Trials and Tribulations
We lost some momentum over the weekend. I really wanted my students to try and read Thoreau on their own. I know his writing is difficult, but I gave them some guided reading questions to help them through the piece. Well, that didn’t work. I got tons of push back. I’m not sure if it was because it was a Monday, if the questions and material were too difficult, or if they just didn’t want to do the reading. Probably a combination of all three if I had to guess. So, the next day we read Thoreau together and discussed his beliefs and how his ideas and actions have had an impact on our world. I got an “Amen” and a “Yeah right” as we read. Kids are funny when they connect to something.
What Kind of Test is This?
I don’t give tests often, but I wanted to see if my students understood the readings from Emerson and Thoreau. When we read and discuss as a class, it’s not always easy to “see” who has been a bystander. I created a fifteen question multiple choice test on Edmodo for the first part of the test. The quiz feature on Edmodo is awesome. It creates these little pie charts showing the percentage of correct and incorrect responses for each question. This allows me to see where the misunderstandings are the greatest.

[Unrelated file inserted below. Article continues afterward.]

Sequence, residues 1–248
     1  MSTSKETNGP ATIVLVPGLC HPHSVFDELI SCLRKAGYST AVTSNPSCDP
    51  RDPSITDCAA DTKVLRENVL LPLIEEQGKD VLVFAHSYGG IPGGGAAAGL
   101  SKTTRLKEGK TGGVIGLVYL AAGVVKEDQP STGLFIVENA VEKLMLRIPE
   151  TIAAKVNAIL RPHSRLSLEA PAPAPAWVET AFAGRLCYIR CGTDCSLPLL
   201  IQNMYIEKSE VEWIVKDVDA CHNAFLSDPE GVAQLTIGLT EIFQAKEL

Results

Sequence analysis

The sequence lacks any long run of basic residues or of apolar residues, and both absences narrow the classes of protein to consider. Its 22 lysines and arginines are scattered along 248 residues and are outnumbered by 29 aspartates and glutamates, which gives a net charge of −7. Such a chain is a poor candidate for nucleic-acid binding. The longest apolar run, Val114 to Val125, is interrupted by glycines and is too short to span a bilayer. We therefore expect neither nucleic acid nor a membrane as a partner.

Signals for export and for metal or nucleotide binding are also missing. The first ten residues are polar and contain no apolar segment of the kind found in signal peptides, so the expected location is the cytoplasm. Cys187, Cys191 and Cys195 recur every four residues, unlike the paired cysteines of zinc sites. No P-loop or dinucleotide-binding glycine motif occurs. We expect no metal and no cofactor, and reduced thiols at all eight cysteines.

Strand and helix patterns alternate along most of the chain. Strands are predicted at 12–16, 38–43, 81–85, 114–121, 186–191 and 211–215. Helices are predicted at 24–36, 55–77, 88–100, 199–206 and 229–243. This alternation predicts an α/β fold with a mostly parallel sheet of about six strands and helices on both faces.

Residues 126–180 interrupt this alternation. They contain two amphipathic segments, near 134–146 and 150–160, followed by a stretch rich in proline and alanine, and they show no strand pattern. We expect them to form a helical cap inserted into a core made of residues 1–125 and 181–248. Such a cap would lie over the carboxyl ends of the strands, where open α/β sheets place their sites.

For the second part of the test, I asked the students to write a ten word summary and find an image to correlate to their summary. I got a few groans for the second part. That surprised me because I thought the second part would be more fun, and they usually complain about getting traditional tests. The process was definitely not a smooth one. I shared links to sources for creative commons pictures on Edmodo only to discover they were all blocked. I finally gave up and told the kids to find images on Google search. I had them copy the link to the images, shorten them and then paste the link to the photo to give credit to the owner. Not ideal, but sometimes we have to improvise when sites are blocked. I am not sure I would do this again as a test. A lot of the kids struggled creating the ten word summaries. I will definitely have to re-think this for next year.
Back on Track
I got really lucky. A friend from my twitter stream, Daniel Scibienski tweeted this:
I thought it was a great idea and the perfect way to get my students’ interest peaked, to draw them back in. I showed them a version of the Milgram Experiment video and we had an interesting discussion about authority and individual conscience. They were shocked that so many of the people just kept pushing those buttons. They were even more shocked that they did it for a grand total of $4.oo.
We then read the handouts from the Asia Society I mentioned in the last post. My students were able to tie Thoreau’s ideas to Ghandi and to Martin Luther King as we read their pieces.
Now, we are wrapping up the unit by taking what we learned from Thoreau, Ghandi and King about non-violent resistance and applying it to our original discussion on the Occupy Movement. My students are writing a persuasive essay stating whether they agree or disagree if the Occupy Movement will be successful or not. They will be using material from the literature as well as from current news to support their opinions. Hopefully, they now have a better understanding of the dissenters and how they continue to have an impact on our world today.